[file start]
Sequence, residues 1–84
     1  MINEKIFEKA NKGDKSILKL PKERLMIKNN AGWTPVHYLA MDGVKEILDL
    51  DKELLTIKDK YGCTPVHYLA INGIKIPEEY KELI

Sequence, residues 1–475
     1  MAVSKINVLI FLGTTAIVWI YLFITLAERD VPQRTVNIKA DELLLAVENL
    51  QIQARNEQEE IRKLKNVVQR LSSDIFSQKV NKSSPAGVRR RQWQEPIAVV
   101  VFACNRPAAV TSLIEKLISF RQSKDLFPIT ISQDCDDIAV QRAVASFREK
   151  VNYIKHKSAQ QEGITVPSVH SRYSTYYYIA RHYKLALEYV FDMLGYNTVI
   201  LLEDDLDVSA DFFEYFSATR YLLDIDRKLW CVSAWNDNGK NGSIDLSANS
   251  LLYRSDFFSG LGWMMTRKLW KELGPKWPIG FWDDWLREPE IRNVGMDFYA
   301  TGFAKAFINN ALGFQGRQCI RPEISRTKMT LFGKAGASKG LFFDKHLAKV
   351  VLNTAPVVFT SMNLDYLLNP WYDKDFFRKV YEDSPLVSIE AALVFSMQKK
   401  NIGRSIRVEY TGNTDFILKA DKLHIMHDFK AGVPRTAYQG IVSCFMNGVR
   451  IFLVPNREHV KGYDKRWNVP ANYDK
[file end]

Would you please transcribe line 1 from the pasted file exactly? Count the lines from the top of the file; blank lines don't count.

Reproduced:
Sequence, residues 1–84